Few voters feel ‘well informed’ about EU referendum

By agency reporter
May 30, 2016

Polling for the Electoral Reform Society released on 25 May 2016 shows that the number of people who feel well informed about the EU referendum has gone down – even after the Government sent out a leaflet to 27 million homes making the case for staying in the EU.

The BMG Research poll, commissioned by the Electoral Reform Society (ERS), shows the percentage of people who said they’d been contacted about the EU referendum by leaflet rose from just 25 per cent in March to 63 per cent in the weeks following the government’s pro-EU mail-out to every UK household.

However, the polling also found that the percentage of people who said they felt well,  or very well informed about the referendum actually fell from 23 per cent at the end of March to 21 per cent at the end of April, two weeks after the mail-out sent on the 11 April. The ERS points out that this lack of information is not for lack of interest, as the BMG polling shows 69 per cent of people are ‘interested’ or ‘very interested’ in the referendum.

In addition, the research showed that the percentage of people who said that the Government were the most important source of information when making up their mind on the EU referendum rose by just two percentage points, from eight per cent to 10 per cent, between the end of March and the end of April after the leaflet was sent out.

The findings come as the Electoral Reform Society and leading universities release a new online democratic tool for the EU vote, Better Referendum. The site will allow people to organise EU debates in their local area in the run up to the 23 June vote, with the Society viewing it as essential that there is ‘a vibrant and diverse debate in communities across the country – not just one-sided leaflets’.

Katie Ghose, Chief Executive of the Electoral Reform Society, said: “Leaflets are all well and good, but clearly they are not enough to create the kind of genuinely informed and engaging EU debate the public deserves – as this poll demonstrates. We need a dynamic campaign rather than just one-sided mail-drops – voters want to be able to compare information from both sides so that they know the full story.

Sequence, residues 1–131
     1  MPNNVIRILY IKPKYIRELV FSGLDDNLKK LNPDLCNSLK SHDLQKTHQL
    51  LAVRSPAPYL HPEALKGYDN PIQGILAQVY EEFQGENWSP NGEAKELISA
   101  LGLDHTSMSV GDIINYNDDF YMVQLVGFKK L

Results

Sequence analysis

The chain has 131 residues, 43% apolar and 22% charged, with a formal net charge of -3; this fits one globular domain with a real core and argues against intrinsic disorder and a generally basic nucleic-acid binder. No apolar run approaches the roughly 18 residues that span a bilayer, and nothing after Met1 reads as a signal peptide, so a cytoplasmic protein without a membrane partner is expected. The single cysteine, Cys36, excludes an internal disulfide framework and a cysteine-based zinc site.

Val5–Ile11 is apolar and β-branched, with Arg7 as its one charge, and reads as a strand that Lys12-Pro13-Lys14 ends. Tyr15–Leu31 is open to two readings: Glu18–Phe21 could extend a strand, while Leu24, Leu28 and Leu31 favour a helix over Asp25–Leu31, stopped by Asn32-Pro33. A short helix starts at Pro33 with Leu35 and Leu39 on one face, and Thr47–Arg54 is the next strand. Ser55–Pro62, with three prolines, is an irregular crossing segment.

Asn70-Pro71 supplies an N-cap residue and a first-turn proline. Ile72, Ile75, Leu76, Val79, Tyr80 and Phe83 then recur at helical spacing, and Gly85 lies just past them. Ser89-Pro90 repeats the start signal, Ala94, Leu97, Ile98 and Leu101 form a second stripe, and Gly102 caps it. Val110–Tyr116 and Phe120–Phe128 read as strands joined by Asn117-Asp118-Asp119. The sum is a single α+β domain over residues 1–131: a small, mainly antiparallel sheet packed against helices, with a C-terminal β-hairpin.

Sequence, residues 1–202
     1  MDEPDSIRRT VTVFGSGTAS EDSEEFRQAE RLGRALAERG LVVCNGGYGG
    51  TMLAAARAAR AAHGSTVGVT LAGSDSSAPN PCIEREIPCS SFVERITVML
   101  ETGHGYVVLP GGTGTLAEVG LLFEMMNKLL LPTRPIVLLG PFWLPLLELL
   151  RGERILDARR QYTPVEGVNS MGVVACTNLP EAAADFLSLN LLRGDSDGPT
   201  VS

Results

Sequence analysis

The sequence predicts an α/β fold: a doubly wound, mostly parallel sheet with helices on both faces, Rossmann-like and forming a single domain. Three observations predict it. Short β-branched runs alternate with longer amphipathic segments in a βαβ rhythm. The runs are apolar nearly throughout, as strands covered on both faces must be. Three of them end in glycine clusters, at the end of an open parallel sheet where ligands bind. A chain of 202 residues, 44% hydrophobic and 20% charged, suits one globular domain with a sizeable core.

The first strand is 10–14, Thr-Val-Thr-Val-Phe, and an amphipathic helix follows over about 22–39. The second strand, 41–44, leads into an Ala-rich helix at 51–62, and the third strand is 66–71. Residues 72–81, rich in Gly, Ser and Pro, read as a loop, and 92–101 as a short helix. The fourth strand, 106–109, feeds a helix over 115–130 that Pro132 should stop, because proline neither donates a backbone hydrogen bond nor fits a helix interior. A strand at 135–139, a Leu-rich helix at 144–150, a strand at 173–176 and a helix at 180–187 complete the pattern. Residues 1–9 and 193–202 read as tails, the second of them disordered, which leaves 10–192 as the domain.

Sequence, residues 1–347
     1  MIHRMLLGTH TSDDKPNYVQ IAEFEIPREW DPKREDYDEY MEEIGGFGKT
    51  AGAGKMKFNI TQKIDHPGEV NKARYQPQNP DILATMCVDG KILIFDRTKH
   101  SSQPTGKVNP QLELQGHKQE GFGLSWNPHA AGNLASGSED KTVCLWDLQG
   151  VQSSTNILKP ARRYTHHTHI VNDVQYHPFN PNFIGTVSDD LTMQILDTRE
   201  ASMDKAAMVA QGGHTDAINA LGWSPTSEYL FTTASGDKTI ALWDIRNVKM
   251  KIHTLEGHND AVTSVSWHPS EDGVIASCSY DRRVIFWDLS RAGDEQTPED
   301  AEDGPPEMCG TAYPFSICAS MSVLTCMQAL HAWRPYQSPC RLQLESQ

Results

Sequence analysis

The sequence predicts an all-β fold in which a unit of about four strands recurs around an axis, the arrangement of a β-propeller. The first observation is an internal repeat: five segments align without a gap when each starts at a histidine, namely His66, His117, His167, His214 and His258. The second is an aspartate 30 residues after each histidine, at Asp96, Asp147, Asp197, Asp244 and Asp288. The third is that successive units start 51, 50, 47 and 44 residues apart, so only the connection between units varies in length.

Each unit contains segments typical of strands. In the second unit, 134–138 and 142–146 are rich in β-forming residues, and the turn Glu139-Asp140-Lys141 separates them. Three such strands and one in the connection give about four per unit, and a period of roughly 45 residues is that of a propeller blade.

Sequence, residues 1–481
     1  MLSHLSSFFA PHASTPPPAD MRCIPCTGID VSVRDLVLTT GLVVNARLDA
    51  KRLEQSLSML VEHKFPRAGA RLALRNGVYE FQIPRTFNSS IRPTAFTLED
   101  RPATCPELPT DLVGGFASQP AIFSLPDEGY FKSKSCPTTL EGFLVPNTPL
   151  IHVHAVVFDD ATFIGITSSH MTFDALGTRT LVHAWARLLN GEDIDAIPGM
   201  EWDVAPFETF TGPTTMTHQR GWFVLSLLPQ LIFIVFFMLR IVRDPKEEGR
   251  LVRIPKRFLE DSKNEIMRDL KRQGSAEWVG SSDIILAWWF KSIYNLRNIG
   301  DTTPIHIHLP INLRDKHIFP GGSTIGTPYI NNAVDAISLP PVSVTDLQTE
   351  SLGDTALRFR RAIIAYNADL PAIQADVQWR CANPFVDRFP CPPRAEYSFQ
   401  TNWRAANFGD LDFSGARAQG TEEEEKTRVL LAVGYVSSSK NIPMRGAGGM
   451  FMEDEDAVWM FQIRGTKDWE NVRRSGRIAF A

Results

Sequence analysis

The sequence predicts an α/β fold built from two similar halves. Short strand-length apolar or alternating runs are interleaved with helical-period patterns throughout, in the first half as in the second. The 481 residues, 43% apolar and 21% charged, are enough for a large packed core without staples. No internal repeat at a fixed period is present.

“These findings show that voters’ need for an informed debate isn’t being met by the campaigns at present, and the Government’s huge leaflet drop appears to have had little effect. The lack of a well-informed conversation isn’t because people don’t care – 69 per cent of people say they are interested or very interested in the referendum. So there is huge scope for creating a lively national conversation.

“As well as hearing the clear facts and arguments from both sides, we want to see a vibrant referendum debate – not just one-sided government leaflets but conversations in communities, colleges and workplaces across the UK about this crucial issue. That’s what got people out to vote in the Scottish independence referendum, and that’s what we need across the UK between now and 23 June.

“Today we are launching a new online tool, Better Referendum, to give people both sides of the argument, presented clearly in one place. But more than that, people will be able to use the toolkit to debate the issues in their own communities. With younger voters at particular risk of missing out through under-registration or feeling under-informed action is essential.  Let’s liven up this debate from the grassroots up so that we have a referendum that actually inspires people to get out there and vote.”

* The Better Referendum tool is here

* Electoral Reform Society http://www.electoral-reform.org.uk/

Further resources from Ekklesia on the EU referendum: *What kind of European future? (Ekklesia, 13 June 2016) – http://www.ekklesia.co.uk/node/23160
* Assessing Christian contributions to the EU referendum debate (Ekklesia, 20 June 2016) – http://www.ekklesia.co.uk/node/23188* Ten principles to guide voting in the EU referendum and beyond (Ekklesia, 21 June 2016) - http://www.ekklesia.co.uk/node/23194
* Ekklesia’s EU referendum briefing and commentary: http://www.ekklesia.co.uk/eureferendum

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